EJOR Special Issue on Community Operational Research: Home
Community Operational Research (COR) is based on meaningful engagement with communities to bring about transformational research and practice along with community empowerment and social change. We work directly with communities to identify, formulate, model and solve problems in which decisions and choices are the core focus. Our training and practice cross disciplinary, application and methodological boundaries: we are planners, engineers, management scholars, policy analysts and many others. The purpose of this website is to introduce you to a special issue of European Journal of Operational Research titled “Community Operational Research: Innovations, Internationalization and Agenda-Setting Applications” which has appeared in August 2018. The 31 papers in this special issue address issues in rural development, theory and methodology, working with youth, urban planning and many other areas. They represent applications of decision modeling that are more familiar to persons with traditional training in operations research and the management sciences, as well as those that reflect progressive notions of how qualitative analysis and a systems view can support positive community change.
Sometimes the perspective of authors in this special issue is on what decisions to make to achieve particular outcomes: How can we design design an energy generation strategy for a small town that balances environmental sustainability, economic sustainability and local energy autonomy? What are new ways to ensure access to nutritious and affordable food in lower-income, primarily immigrant communities that combines behavior changes by residents with new services by stores and government agencies? How can we develop a peace education program in an area rife with political and other violence in which young people learn of alternatives to violence to solve conflicts?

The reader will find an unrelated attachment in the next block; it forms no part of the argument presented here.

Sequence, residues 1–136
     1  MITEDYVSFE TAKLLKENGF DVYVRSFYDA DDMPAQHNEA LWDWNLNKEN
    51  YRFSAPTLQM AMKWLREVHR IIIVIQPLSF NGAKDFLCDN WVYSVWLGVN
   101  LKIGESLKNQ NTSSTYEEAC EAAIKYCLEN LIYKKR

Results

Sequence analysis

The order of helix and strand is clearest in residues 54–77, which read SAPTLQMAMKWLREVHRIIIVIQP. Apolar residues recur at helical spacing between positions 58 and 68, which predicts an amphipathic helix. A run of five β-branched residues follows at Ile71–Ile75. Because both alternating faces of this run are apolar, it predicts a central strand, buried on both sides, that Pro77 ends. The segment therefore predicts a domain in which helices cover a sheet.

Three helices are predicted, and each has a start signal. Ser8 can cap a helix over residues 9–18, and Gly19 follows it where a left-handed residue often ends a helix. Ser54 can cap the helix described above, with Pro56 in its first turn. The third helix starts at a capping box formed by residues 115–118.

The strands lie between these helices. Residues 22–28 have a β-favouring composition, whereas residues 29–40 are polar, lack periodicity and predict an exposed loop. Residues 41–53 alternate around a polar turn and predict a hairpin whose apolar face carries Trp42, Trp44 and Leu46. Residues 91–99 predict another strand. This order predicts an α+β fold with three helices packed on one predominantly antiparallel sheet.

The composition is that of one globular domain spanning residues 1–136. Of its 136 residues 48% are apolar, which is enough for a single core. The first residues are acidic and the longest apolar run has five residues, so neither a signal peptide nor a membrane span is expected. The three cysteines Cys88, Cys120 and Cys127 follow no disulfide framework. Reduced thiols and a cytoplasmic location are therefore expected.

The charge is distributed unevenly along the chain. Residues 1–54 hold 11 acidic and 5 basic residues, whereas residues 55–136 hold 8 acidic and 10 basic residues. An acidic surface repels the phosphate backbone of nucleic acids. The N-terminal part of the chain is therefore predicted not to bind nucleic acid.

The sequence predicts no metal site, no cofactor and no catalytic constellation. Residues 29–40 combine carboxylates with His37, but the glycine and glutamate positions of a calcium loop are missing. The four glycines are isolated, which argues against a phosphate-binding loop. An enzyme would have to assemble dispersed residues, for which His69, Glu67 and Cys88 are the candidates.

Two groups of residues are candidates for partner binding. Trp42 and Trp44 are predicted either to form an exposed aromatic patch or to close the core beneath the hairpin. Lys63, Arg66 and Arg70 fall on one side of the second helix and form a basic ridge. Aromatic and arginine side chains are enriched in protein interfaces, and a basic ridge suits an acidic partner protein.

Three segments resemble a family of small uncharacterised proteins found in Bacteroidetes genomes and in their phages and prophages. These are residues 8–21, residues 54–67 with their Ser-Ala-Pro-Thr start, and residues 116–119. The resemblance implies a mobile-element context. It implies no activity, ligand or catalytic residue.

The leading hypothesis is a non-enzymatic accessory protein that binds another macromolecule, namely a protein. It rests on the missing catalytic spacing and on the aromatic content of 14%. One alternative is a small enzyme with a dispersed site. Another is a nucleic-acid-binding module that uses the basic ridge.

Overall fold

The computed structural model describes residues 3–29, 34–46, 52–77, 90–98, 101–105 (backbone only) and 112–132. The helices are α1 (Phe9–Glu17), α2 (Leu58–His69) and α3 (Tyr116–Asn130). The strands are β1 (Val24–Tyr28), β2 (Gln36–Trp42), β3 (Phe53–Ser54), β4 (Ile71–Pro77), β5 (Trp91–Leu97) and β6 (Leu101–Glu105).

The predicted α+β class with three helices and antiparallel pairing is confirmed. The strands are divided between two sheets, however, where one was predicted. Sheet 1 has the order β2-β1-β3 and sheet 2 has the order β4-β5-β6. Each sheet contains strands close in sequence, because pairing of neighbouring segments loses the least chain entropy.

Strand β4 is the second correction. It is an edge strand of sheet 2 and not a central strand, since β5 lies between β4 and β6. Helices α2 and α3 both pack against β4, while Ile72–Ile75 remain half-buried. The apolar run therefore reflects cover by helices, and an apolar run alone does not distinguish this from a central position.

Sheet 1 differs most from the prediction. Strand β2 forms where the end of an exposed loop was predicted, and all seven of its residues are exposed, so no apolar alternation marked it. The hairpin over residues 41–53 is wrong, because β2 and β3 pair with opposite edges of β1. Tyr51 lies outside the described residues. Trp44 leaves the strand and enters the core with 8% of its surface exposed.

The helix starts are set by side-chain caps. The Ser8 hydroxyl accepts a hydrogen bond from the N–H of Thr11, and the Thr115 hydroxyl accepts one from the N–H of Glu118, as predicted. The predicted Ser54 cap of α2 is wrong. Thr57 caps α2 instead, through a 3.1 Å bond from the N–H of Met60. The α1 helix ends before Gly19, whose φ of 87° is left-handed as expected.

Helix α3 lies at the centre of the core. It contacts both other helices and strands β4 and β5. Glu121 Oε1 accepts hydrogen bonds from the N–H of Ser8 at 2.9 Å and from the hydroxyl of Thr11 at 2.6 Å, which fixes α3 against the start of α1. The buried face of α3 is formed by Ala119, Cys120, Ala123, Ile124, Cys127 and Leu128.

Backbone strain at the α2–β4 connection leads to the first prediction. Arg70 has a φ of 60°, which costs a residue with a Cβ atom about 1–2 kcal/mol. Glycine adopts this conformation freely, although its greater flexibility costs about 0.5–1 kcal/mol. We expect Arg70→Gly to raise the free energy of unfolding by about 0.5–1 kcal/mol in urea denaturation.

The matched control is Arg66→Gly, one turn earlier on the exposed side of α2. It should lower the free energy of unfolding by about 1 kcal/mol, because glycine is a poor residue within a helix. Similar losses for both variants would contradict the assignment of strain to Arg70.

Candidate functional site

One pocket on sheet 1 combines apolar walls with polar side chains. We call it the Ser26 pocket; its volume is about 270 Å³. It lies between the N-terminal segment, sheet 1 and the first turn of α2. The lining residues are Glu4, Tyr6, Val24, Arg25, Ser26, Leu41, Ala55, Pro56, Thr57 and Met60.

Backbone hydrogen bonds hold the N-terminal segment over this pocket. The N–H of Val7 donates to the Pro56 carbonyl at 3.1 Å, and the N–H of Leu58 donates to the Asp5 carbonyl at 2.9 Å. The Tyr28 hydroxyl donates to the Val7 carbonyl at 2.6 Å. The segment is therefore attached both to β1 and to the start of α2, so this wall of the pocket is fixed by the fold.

Other times the authors in this special issue seek to examine events that have already occurred to learn how a community-engaged decision modeling perspective can explain what we have observed: If co-production of health care through community engagement and shared responsibility for health care fail in one place after succeeding in another place, could a better understanding of doctors’ professional identities combined with putting key stakeholders at the center of system redesign result in improved outcomes in the future? In the wake of a destructive tsunami and subsequent rebuilding, how can an arts-based methodology help us understand how a community in crisis draws on social networks, cultural practices and collective interventions to build from within?